In addition to laying out the merits of passive investing, Ellis offers a wealth of valuable insights into the evolution of the investment management industry and its sometimes misleading practices. For example, he explains that when a consultant retained by institutional investors to help select managers drops a manager from its recommended list, it usually deletes all data on that manager from its records. Conversely, when a consultant adds a new manager, it retroactively adds the manager’s favorable results from previous years. The resulting chart overstates the benefits an investor would have reaped by following the consultant’s past recommendations.

Readers of The Index Revolution will benefit from the author’s erudition, honed in obtaining a PhD in finance, as well as his decades of experience as a practitioner. Further investigation was needed, however, on one minor item. Ellis writes that Albert Einstein is said to have defined insanity as doing the same thing over and over again while hoping for a different outcome. There is, in fact, no reliable evidence that Einstein ever said any such thing.

Financial Analysts Journal Current Issue Tile

Setting aside this quibble, The Index Revolution belongs on the reading list of anyone grappling with the choice between active management and passive investing. Ellis appropriately emphasizes that the quest for increasingly elusive alpha should not divert attention from more important issues of investment policy. This warning is particularly true for investors who are pursuing excess risk-adjusted returns by methods that, as detailed in this book, are almost guaranteed to backfire.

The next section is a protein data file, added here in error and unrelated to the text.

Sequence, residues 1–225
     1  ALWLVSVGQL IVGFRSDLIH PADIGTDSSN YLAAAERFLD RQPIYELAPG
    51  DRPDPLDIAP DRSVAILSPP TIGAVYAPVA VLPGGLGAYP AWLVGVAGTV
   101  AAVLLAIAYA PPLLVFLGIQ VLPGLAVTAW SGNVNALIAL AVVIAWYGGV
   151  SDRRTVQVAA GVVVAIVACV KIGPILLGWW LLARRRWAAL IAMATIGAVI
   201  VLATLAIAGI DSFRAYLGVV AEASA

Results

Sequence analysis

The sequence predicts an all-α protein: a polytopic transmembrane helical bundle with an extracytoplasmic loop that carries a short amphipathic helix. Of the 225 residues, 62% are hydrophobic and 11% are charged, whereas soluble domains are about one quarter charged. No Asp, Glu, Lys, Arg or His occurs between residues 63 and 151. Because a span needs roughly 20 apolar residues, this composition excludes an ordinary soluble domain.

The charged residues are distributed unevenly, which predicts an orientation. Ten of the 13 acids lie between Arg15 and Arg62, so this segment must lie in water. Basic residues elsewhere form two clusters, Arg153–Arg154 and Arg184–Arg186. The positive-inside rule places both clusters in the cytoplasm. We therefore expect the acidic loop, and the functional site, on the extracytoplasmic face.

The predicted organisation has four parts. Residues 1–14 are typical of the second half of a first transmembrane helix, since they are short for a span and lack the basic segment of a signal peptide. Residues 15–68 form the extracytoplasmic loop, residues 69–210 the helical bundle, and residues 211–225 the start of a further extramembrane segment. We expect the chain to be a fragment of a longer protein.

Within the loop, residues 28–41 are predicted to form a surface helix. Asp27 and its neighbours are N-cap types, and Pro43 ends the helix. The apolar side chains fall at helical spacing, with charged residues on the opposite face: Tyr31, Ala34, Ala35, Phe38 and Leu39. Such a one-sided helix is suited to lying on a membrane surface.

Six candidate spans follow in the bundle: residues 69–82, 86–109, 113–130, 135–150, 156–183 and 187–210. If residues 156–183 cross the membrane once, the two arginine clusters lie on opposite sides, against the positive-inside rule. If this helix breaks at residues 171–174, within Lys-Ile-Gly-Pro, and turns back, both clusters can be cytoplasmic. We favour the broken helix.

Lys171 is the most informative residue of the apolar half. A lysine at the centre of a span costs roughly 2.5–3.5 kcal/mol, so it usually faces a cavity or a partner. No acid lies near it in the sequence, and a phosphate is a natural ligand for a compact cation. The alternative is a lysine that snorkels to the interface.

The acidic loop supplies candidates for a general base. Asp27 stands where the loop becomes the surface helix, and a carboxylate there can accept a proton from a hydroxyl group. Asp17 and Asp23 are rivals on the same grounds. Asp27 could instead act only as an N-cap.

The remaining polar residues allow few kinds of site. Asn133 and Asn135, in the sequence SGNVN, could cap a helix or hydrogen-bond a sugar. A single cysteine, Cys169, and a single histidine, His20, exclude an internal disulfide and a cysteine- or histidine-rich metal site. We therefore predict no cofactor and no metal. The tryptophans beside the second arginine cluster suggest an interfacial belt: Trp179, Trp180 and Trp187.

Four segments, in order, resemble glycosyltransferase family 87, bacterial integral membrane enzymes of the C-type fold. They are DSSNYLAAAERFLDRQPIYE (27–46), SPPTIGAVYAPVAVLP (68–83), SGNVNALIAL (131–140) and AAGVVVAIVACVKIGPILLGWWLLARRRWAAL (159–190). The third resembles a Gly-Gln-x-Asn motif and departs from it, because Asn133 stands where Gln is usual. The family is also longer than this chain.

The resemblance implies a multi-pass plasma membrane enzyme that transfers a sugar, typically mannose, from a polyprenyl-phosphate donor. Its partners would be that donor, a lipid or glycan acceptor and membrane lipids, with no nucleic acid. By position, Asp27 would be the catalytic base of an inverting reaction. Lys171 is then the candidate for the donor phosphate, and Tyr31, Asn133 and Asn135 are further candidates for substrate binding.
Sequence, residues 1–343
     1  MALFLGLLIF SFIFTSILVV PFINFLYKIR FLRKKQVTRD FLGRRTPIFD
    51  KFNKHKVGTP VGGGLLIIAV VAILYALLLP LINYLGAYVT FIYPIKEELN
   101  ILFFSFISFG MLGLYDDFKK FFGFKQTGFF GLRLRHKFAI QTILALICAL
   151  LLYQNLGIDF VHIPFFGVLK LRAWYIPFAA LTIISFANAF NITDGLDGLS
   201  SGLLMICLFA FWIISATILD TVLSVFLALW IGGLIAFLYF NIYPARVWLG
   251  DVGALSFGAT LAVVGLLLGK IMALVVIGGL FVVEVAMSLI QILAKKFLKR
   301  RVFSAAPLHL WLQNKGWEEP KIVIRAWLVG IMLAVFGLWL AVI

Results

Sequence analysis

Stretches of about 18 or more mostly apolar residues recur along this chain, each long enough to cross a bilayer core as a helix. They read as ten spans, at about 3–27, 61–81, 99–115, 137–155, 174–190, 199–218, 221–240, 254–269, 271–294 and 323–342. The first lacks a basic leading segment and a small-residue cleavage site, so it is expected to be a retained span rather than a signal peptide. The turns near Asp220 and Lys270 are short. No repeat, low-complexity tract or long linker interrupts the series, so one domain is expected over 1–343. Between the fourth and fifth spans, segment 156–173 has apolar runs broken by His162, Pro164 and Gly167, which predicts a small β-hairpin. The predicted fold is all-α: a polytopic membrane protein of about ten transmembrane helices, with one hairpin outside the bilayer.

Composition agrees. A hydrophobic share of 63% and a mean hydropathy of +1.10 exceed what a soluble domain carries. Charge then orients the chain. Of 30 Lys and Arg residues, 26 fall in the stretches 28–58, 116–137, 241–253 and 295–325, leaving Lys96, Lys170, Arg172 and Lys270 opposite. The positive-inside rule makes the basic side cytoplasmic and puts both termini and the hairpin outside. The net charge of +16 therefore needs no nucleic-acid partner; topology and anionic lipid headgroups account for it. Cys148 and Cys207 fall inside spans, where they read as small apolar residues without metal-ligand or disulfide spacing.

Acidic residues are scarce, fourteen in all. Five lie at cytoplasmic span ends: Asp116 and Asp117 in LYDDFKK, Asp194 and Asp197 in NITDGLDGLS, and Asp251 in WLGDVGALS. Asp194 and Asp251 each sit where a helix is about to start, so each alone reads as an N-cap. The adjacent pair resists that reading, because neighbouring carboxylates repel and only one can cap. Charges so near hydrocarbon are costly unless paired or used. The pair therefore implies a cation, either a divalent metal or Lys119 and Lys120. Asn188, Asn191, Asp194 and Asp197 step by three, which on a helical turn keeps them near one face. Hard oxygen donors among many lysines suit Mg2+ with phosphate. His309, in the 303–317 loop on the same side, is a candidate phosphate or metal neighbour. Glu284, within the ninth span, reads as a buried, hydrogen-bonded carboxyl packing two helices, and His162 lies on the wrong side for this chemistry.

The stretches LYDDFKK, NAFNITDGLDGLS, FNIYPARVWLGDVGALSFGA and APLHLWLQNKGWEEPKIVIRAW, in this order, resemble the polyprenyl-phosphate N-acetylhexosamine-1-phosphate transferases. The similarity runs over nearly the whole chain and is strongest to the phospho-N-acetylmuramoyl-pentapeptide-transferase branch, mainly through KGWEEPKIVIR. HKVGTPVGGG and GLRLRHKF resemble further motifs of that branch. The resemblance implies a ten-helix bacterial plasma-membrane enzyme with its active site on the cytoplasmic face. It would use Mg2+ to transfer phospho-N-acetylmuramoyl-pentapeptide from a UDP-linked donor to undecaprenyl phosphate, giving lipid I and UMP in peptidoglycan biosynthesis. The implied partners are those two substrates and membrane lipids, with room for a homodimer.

If you liked this post, don’t forget to subscribe to the Enterprising Investor.

All posts are the opinion of the author. As such, they should not be construed as investment advice, nor do the opinions expressed necessarily reflect the views of CFA Institute or the author’s employer.

Professional Learning for CFA Institute Members

CFA Institute members are empowered to self-determine and self-report professional learning (PL) credits earned, including content on Enterprising Investor. Members can record credits easily using their online PL tracker.

About the Author(s)
Martin Fridson, CFA

Martin Fridson, CFA, is, according to the New York Times, “one of Wall Street’s most thoughtful and perceptive analysts.” The Financial Management Association International named him its Financial Executive of the Year in 2002. In 2000, Fridson became the youngest person ever inducted into the Fixed Income Analysts Society Hall of Fame. He has been a guest lecturer at the graduate business schools of Babson, Columbia, Dartmouth, Duke, Fordham, Georgetown, Harvard, MIT, New York University, Notre Dame, Rutgers, and Wharton, as well as the Amsterdam Institute of Finance. Fridson's writings have been praised widely for their humor, rigor, and utility. He holds a BA in history from Harvard College and an MBA from Harvard Business School.

Leave a Reply

Your email address will not be published. Required fields are marked *

By continuing to use the site, you agree to the use of cookies. more information

The cookie settings on this website are set to "allow cookies" to give you the best browsing experience possible. If you continue to use this website without changing your cookie settings or you click "Accept" below then you are consenting to this.